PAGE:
Christmas in LA.
It is, as are so many things in this bedeviling City of Angels, a constant pastiche of the worthy, the traditional, the transplanted, the craven and the outlandish.
Yet, as the rest of the continent falls into a deep freeze, it is heartening to find that in the SoCal realism, as it is, of the season, there is always a bit of magic in the air. Specifically at the Wiltern Saturday night. That’s where local punk legends X will be, to quote one of their tunes from the '80s, painting the town blue in what seems to be a hometown tradition in the making.
For its second annual Christmas concert at the Wilshire Blvd. venue, X, joined by Calexico, will, in the characteristically blunt appraisal of drummer DJ Bonebrake, “make a lot of noise and rock the house.”
The show is the first of four the band will be playing in California in the last days of December, including a New Year’s Eve gig in San Francisco. No strangers to seasonal fun or a bit of cheer inducing profit, the band even recently released a pile driving “Santa Claus Is Coming to Town/Jingles Bells” digital single for the holidays.
But it’s not X’s Christmas spirit that has particularly changed — more the times and the venues. “In the '80's no one in the band had any family or holiday obligations so we celebrated with friends and fans at a local club,” says Bonebrake.
Still, as seems to happen if you hang in there long enough, you can ignore that the punks that sarcastically sang of more fun in the new world in 1983 have become a venerable institution.
"Hell, Los Angeles," which was the title of X’s first album back in 1980, even gave the band, who formed in 1977, an Official Certificate of Recognition from for their musical and cultural contribution to the city a few years back. That’s a very long way from the near riots depicted in Penelope Spheeris’1981 documentary "The Decline and Fall of Western Civilization," which featured Bonebrake, guitarist Billy Zoom, bassist John Doe and lead singer Excene Cervenka as well as the likes of Black Flag, and Fear. It’s even further in some ways from playing in the Masque, Brendan Mullen’s seminal back alley club off Sunset, with the wild Go-Gos, the manic Germs, and the Dickies.
Then again, X’s meld of Bukowski, Faulkner, and Chandler poetics with a uniquely high voltage meld of blues and rockabilly always stamped them as something other than many of their peers or potential protégés. “I've had people tell me they are influenced by our band,” notes the X drummer, “but they never sound like us.” That sound, however, as "Wild Gift," the band’s 1981 album that Rolling Stone then called the “Record of the Year”, and 1982’s "Under the Big Black Sun" has stood the test of time to sound eminently ahead of today’s contemporaries like Green Day and found several generations of new devotees.
“Are we mainstream? I don't know,” responds Bonebrake. “I think that after 30 some years people are more open to our music.”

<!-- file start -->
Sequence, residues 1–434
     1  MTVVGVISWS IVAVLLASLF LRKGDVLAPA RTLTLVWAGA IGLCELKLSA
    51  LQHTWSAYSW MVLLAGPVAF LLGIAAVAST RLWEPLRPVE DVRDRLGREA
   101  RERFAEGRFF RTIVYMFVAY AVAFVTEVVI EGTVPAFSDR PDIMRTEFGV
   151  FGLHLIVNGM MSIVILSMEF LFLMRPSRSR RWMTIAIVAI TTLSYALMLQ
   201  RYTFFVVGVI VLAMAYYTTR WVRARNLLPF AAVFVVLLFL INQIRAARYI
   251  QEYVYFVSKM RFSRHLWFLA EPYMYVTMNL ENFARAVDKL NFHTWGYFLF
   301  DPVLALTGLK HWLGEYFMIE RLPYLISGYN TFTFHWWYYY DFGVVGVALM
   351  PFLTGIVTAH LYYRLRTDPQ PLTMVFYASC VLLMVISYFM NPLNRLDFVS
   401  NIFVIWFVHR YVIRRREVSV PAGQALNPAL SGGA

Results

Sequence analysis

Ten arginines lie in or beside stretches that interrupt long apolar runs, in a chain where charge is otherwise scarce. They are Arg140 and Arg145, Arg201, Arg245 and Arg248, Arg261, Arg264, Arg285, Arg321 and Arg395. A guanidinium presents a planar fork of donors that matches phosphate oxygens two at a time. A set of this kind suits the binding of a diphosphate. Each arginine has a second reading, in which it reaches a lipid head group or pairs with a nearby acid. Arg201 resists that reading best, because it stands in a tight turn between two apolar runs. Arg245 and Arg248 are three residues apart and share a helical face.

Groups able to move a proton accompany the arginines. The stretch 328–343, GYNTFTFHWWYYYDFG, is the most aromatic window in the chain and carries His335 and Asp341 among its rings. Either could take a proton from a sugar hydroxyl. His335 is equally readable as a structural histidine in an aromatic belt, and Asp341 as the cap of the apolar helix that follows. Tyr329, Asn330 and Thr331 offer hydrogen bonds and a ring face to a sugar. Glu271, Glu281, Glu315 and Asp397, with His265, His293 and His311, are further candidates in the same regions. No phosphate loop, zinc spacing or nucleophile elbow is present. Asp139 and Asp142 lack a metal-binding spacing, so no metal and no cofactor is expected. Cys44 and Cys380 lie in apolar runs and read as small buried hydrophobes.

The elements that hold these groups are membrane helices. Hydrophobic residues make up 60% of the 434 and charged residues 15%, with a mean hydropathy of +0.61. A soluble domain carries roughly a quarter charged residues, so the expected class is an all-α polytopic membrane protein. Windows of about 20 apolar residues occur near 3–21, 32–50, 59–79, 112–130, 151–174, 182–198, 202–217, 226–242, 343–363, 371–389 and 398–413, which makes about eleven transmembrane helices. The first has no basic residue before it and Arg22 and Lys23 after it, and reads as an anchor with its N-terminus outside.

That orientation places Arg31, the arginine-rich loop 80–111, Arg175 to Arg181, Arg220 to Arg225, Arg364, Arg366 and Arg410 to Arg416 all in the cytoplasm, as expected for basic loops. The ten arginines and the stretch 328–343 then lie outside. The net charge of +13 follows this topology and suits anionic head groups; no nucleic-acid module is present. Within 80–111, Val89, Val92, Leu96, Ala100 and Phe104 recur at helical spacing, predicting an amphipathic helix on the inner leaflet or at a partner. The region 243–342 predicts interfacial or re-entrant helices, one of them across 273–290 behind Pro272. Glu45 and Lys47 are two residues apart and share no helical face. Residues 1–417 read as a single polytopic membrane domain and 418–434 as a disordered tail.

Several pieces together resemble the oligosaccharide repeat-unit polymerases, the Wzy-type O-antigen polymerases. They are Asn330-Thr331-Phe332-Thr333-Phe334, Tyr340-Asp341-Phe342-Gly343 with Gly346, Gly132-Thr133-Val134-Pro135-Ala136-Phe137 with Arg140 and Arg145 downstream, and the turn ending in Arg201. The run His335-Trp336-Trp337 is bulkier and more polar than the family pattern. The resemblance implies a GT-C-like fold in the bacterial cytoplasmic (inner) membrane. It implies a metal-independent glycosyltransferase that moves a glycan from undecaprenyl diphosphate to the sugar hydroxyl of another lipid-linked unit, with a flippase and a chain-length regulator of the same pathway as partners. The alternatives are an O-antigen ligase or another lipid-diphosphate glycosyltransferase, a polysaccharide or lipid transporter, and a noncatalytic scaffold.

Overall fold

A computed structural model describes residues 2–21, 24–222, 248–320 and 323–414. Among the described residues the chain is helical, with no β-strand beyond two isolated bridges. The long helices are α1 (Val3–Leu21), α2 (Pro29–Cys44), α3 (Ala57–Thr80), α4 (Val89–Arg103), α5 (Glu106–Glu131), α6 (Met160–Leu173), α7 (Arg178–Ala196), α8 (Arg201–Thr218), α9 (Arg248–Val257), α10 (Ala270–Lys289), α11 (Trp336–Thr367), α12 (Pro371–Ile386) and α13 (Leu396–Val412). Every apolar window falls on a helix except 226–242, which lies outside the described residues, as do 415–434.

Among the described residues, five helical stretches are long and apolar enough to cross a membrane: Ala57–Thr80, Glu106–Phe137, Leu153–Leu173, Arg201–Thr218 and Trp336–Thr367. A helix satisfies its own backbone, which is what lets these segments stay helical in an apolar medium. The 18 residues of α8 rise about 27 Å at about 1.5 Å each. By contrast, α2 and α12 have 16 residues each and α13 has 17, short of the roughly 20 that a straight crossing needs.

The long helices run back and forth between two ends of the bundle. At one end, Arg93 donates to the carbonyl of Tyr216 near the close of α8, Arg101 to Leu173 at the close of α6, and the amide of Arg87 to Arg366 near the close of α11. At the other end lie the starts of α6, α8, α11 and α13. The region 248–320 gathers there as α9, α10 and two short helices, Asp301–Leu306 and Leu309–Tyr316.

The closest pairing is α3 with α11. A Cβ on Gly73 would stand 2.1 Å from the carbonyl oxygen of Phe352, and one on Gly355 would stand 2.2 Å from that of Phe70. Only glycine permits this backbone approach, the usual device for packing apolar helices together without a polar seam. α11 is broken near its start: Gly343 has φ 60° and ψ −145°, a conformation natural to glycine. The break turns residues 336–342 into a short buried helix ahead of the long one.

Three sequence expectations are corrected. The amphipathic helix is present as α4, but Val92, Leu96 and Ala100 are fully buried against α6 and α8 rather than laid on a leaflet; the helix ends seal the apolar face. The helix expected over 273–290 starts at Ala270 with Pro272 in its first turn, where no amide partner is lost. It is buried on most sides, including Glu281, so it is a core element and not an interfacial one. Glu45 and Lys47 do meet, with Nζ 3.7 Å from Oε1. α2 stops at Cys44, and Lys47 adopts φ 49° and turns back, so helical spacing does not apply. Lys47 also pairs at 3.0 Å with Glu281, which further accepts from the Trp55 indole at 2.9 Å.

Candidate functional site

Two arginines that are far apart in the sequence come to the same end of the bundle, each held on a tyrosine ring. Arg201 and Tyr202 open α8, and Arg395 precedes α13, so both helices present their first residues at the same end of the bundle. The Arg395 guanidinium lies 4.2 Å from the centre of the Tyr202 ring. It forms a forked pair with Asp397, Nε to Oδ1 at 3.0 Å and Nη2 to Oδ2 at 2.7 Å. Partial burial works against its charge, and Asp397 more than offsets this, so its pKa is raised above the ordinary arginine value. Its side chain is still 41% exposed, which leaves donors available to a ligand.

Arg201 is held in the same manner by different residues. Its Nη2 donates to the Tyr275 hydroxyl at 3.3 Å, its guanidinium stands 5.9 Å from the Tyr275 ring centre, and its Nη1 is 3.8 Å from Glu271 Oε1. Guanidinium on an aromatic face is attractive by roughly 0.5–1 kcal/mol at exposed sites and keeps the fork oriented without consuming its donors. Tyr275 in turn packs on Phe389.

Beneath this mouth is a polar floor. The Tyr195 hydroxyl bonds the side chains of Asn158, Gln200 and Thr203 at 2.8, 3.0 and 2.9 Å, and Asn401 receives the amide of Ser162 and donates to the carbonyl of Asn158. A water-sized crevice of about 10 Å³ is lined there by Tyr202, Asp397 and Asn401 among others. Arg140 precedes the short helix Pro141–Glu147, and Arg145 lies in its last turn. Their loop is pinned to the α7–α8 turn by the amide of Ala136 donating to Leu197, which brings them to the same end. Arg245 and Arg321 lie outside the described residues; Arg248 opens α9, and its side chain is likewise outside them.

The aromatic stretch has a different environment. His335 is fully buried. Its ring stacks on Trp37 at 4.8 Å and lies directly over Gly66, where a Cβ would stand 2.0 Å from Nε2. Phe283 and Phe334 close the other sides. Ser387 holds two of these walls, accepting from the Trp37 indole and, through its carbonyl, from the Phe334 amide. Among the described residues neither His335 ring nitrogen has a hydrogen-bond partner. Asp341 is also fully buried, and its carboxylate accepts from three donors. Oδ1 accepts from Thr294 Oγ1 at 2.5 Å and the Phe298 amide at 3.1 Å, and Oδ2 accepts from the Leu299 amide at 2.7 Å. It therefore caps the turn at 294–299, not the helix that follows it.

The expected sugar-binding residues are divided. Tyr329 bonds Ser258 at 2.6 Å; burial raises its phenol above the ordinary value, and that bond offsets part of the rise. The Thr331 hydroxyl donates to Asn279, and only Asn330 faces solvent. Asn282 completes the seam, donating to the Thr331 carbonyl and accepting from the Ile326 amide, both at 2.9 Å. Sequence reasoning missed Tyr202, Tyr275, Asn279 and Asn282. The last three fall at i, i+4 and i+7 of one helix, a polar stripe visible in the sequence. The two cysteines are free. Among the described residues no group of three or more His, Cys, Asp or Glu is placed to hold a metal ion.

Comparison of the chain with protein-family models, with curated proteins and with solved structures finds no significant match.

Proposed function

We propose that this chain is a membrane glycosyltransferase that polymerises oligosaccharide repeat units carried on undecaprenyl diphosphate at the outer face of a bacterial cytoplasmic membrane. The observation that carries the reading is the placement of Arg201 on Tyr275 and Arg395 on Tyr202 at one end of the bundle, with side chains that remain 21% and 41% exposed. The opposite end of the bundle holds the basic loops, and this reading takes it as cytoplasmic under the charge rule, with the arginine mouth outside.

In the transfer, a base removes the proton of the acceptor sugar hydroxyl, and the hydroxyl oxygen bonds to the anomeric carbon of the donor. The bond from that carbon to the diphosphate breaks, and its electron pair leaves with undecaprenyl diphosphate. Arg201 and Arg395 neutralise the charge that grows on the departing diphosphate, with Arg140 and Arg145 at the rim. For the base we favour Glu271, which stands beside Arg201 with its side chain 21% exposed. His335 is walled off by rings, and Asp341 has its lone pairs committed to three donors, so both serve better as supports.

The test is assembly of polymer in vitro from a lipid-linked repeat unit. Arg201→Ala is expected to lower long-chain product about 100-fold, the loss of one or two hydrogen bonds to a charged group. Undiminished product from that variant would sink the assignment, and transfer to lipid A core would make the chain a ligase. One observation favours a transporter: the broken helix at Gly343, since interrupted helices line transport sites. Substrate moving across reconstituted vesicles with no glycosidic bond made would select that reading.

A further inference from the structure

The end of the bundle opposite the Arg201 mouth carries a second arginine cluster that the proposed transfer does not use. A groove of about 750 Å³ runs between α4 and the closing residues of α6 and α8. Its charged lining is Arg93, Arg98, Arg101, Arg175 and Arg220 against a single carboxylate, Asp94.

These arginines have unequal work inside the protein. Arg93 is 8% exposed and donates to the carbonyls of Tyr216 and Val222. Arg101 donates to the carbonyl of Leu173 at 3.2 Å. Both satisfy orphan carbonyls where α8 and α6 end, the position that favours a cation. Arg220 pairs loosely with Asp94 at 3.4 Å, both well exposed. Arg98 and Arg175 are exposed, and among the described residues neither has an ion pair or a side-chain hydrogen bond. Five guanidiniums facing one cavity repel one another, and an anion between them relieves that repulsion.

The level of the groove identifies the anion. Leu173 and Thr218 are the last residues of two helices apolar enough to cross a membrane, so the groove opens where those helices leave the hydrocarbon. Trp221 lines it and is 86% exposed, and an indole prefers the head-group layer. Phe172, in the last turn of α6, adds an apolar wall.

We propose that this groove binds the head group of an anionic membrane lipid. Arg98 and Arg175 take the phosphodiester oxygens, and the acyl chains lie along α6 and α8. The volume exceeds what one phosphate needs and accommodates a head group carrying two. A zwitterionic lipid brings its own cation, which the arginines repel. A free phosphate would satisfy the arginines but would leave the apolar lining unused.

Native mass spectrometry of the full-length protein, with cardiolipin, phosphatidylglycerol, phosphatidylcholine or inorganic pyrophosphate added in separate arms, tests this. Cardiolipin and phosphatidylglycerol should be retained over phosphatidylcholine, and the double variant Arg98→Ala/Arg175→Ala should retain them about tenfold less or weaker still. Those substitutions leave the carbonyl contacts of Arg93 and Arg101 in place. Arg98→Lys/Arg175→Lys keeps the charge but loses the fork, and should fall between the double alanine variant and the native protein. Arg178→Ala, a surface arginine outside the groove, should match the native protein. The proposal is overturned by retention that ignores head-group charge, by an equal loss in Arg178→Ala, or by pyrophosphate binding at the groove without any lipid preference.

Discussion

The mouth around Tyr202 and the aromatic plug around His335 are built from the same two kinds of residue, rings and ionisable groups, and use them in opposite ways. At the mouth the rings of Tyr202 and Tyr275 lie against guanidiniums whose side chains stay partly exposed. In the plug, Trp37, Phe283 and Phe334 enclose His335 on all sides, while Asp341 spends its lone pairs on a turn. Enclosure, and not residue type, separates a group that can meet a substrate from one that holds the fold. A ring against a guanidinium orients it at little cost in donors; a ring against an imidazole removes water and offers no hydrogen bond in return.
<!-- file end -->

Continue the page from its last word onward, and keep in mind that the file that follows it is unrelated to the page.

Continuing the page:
Part of that openness has to also come from accessibility. After various personal changes and some extended hiatus in the 1980s, the original line-up reunited in the late 1990s and has been touring fairly regularly. I can tell ya, having first seen X live in 1983, the Portland stop on the band’s 2008 “13-31” anniversary tour and at this year’s Coachella Festival were two of the best shows I’ve ever seen them play over the decades — and I’ve seen them a lot.
Not that X, like so many of their contemporaries and the dinosaur bands that preceded them, are simply exercising old muscles. Today John Doe is a Hollywood staple and roots music journeyman, with appearances on series like "One Tree Hill," "Law and Order" as well as his recently released stripped down "Country Club" with The Sadies.
His X writing partner and ex-wife Cervenka, who made public this summer that she is suffering from MS, has become a whirlish publishing cottage industry of her own. The singer has brought out several books of poetry and prose and frequently does spoken word appearances alone or with former Black Flag frontman Henry Rollins and others. Cervenka, who is better known in certain tabloid circles as the former wife of actor Viggo Mortensen, also brought out "Somewhere Gone," a new solo album this fall.
While the band has a few new tricks up its sleeves, fans can expect X, who looks set to hit Europe and Australia in 2010, to deliver the anticipated presents they want tonight at the Wiltern. “Expect us to play our "hits,” DJ Bonebrake laughs, “and a couple of Xmas songs for good measure.”
Of course, expectations aside, why did the little punk band from L.A., as X used to be introduced as, get into the Christmas
“I think it started with our name,” admits Bonebrake. “It looks really cool on the marquee on Christmas — Celebrate Xmas with X."
Yes it does indeed.